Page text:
Groups of Landmarks

  • Cloth Fair

    Fine Georgian houses in historic London

    Cloth Fair

    These plain Georgian houses over shops are opposite the churchyard of St Bartholomew the Great, which almost alone among City churches escaped the Great Fire of 1666. They were sold to us by the late Paul Paget, who had rescued them many years before, with No. 41, the only remaining house in the City built before the Fire. Round the corner is Smithfield market with its robust architecture, sights and smells, facing the noble buildings of St Bartholomew’s Hospital. Further along Cloth Fair are new houses, bringing domestic life to this part of the City.

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  • Coombe

    A timeless valley near Bude, Cornwall

    Coombe

    The hamlet of Coombe consists of a watermill, the mill house and several cottages, built among orchards round a ford across a shallow stream. It is at the junction of two wooded valleys and half a mile from the sea at Duckpool, where a sandy beach is exposed at half tide.

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  • The Egyptian House

    A rare and notable survivor

    The Egyptian House

    This unusual house is a rare and noble survivor of a style that enjoyed a vogue after Napoleon’s campaign in Egypt in 1798. It dates from about 1835 and the front elevation is similar to that of the former Egyptian Hall in Piccadilly, designed by P. F. Robinson.

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  • Endsleigh

    Beautiful gardens above the River Tamar

    Endsleigh

    This most naturally beautiful stretch of the River Tamar (Turner, among others, sketched here and called it ‘altogether Italian’) was chosen by Georgiana, Duchess of Bedford as the setting for a new house; between 1810 and 1816 both Humphry Repton and Jeffry Wyatville played a part in shaping it, and in placing suitable buildings within it.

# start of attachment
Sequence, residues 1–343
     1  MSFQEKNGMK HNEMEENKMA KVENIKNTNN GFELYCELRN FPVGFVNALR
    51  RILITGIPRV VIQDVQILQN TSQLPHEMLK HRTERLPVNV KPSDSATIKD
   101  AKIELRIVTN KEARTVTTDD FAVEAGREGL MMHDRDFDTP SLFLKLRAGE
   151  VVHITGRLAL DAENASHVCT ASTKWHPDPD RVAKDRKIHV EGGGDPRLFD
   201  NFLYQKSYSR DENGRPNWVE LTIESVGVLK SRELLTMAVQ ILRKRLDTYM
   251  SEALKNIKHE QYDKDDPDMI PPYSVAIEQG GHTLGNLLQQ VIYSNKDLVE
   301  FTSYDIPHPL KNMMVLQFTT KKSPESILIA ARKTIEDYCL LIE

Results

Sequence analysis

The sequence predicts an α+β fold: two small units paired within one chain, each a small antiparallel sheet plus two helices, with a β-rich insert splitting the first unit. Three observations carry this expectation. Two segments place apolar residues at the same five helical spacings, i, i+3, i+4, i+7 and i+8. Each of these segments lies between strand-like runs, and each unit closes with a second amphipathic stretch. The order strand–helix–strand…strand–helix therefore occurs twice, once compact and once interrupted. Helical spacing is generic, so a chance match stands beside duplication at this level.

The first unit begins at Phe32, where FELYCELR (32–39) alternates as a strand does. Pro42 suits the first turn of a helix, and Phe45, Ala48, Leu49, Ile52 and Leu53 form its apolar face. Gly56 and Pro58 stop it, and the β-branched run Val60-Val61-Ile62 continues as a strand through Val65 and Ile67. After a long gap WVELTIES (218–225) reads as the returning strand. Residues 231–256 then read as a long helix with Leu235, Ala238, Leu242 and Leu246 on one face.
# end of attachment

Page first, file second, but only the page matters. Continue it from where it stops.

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  • Hampton Court Palace

    A rare glimpse of palace life

    Hampton Court Palace

    Hampton Court Palace is no empty museum, but a large and thriving community, following a tradition set by George III, who allowed loyal servants to live here by Grace and Favour. Now home mainly to institutions and only a few residents, the sense of a secret life beyond the public eye survives – of doors leading to invisible corridors, of figures disappearing up a staircase with briefcase or shopping basket.

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  • Lettaford

    A Dartmoor settlement occupied since 1300

    Lettaford

    Lettaford is an old settlement, men having lived here from before 1300. The public road that leads to it breaks up into tracks, taking you on to the moor itself; and all its three farmhouses are, in origin at least, sixteenth-century longhouses. It is sited in a hollow for shelter, its buildings grouped around a green, including a former Methodist chapel, the only one not related directly to farming. It is like many similar hamlets, but few remain so secret or complete.

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  • Lower Porthmeor

    A farm hamlet typical of West Penwith

    Lower Porthmeor

    Lower Porthmeor is a township, or farm hamlet, typical of this area of West Penwith, where sometimes as many as four houses are grouped round a single farmyard. The houses are not themselves of great age, but they represent a tradition as old as the tiny stone-hedged fields in which they stand, fields that have scarcely changed since the Iron Age.